A federal judge in Wyoming has given the U.S. government more time to present its case explaining how the Bureau of Land Management (BLM) developed a rule for governing hydraulic fracturing (fracking) on public and tribal lands.

On Thursday, U.S. District Court Judge Scott Skavdahl granted a motion by the Department of the Interior and other plaintiffs for more time to enter the administrative record. The deadline was extended to Aug. 28.

Last month — at the request of four states, two industry groups and an Indian tribe that filed two separate lawsuits over the rule — Skavdahl blocked it from taking effect (see Shale Daily, June 24). But the judge denied the plaintiffs’ request for a preliminary injunction (PI) to block the rule, on the grounds that he felt he didn’t have enough information to rule on their request.

With the extension, a decision on a PI is now expected in early- to mid-September.

“Gov’t delay submitting administrative record means BLM fracking rule now delayed until mid-September at the earliest, if at all,” one of the plaintiffs, the Western Energy Alliance (WEA), tweeted on Thursday.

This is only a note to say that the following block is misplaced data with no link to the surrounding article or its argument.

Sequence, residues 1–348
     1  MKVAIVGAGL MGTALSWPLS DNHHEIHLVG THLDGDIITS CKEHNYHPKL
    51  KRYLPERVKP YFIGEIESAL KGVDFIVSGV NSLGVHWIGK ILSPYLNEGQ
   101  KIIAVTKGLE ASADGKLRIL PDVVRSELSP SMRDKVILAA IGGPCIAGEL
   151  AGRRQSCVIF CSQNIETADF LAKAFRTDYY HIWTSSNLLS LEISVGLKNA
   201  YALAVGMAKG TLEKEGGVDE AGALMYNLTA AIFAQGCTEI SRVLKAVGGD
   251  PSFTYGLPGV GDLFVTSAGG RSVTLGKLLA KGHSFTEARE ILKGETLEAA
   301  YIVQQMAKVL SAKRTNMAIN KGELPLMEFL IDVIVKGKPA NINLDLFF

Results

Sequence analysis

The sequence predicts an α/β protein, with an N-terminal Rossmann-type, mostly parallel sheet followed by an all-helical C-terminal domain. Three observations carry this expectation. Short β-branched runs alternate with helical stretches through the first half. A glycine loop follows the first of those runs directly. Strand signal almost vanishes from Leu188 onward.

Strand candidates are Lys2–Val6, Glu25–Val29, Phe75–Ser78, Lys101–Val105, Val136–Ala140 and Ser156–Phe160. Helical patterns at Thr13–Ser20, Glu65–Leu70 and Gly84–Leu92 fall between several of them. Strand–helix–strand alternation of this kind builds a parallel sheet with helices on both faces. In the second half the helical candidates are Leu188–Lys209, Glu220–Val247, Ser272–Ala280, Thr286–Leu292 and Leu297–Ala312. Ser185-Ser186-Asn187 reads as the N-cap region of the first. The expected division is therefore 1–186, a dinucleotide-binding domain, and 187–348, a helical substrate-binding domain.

Neal Kirby, spokesman for another plaintiff, the Independent Petroleum Association of America (IPAA), told NGI’s Shale Daily the delay “is certainly good news.

“The government’s request proves there is no urgent reason to immediately implement the final rule before the court has adequate opportunity to resolve a number of important and legitimate legal questions,” Kirby said. “Today’s request by the government supports the industry’s underlying request for preliminary injunction.”

Last March, Wyoming filed a lawsuit challenging the BLM’s authority to regulate fracking. The lawsuit was then joined by Colorado and North Dakota in April, followed by Utah earlier this month (see Shale Daily, June 18; April 28; April 16; March 26). Two industry groups, the WEA and the IPAA, filed a separate lawsuit in March (see Shale Daily, March 26).

Court records show the two cases [2:15-cv-00041-SWS and 2:15-cv-00043-SWS] have been consolidated, and the Ute Indian Tribe of the Uintah and Ouray Reservation has been added as a plaintiff.

Western state leaders have maintained all along that they can adequately regulate fracking, and that regulatory oversight should be spread over both private and adjoining public lands to avoid duplication and confusion.